Student Oil Sands Delegation organizers

For Andrew Fehr and the rest of the organizers of the U of A Oil Sands Student Delegation, organizing tours to Fort McMurray isn’t about pushing an agenda or influencing how people think about one of Alberta’s largest and most famous energy resources.

According to Fehr, Matthew Dow, and Leyli Mirmontazeri, three of the organizers on the trip, it’s important to put all the information forward and allow tour delegates to make their own decisions about the oil sands. After their tour, delegates come back to Edmonton and work on various projects to share what they learned with people in the university community.

“We want to expose delegates to all of the stakeholders,” said Dow.

That means meeting with various groups both before and after the mid-October tour. Everyone from Suncor to Green Peace and local Aboriginal groups are invited to speak to delegates in order to achieve a bias balanced approach – that is, exposure to multiple and diverse perspectives.

Commenting on the historical and modern significance of the oil sands in Alberta, Fehr is “really interested in incorporating the student voice into the dialogue. Many of the people in the delegation are going to have to live with the consequences of the oil sands, good or bad,” said Fehr.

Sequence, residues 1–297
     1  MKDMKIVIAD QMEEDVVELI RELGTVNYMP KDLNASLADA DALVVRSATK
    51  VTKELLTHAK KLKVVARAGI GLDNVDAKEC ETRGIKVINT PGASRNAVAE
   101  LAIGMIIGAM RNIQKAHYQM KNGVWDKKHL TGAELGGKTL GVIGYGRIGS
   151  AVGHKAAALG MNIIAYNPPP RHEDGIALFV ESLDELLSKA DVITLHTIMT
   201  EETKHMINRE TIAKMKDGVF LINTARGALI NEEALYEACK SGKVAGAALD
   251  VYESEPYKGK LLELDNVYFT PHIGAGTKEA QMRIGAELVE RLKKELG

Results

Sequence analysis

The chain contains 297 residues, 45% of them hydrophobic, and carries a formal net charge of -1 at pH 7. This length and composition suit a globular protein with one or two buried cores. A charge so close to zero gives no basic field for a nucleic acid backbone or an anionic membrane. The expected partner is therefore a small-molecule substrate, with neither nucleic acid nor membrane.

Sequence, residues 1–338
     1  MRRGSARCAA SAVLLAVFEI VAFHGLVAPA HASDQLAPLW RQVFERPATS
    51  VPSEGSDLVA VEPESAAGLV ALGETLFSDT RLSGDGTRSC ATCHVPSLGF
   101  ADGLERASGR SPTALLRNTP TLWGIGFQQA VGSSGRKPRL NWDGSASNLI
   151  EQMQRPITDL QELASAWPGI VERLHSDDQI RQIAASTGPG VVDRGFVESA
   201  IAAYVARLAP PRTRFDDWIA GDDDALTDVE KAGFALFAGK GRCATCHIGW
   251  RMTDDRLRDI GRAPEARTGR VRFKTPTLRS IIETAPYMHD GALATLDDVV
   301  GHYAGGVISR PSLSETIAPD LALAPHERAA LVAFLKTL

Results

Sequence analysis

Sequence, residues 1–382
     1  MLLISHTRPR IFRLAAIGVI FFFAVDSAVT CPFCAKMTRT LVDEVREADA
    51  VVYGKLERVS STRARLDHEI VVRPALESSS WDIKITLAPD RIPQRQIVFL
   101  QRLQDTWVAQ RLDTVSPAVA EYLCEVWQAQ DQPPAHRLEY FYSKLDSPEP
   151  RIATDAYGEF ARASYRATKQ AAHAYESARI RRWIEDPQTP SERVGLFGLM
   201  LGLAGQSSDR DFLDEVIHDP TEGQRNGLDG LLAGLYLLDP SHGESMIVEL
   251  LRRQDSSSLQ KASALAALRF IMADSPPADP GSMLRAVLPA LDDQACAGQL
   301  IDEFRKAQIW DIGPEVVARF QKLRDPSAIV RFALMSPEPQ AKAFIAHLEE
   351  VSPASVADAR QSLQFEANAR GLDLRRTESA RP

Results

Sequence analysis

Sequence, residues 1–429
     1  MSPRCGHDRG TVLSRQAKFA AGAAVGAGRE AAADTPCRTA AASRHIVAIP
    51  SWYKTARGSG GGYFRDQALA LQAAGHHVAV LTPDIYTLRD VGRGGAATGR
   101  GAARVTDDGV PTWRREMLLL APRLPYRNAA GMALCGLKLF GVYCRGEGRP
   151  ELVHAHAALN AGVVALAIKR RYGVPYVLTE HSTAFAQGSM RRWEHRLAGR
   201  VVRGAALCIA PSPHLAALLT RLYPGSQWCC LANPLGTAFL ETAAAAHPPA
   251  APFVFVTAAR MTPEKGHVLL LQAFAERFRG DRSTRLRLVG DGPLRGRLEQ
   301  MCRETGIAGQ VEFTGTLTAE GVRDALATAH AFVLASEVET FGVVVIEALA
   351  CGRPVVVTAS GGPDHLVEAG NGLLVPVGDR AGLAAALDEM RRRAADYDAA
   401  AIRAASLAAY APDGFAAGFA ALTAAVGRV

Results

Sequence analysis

Students apply to go on the trip in September, and the final group is determined by organizers before the beginning of October. Fehr said they are looking for a mix of voices on the tour – business students will share bus space with arts, engineering, and science students.

After passing the selection process, all delegates are required to attend one of two training sessions set up by organizers. There they hear from professors at the U of A and other stakeholders in order to prepare them for the whirlwind trip so they can “hit the ground running,” as Fehr puts it.

Delegates are bused up to Fort McMurray on the morning of Oct. 15 and spend the day meeting with various stakeholders, overnighting in town, and returning to Edmonton late in the evening on Oct. 16 after more presentations, panels and tours.

It’s a quick turnaround, but has proven valuable for past delegates. Both Dow and Mirmontazeri were delegates last year, and are helping to organize this year’s trip.

“My work is in oil sands, but I’ve never been up to Fort McMurray, so it was interesting,” said Mirmontazeri.

Students pay $20, with the rest of the costs covered by the U of A Oil Sands Student Delegation through fundraising, donations and granting programs such as the Office of Sustainability’s Sustainability Enhancement Fund. If you want to know more or apply to be a delegate, click here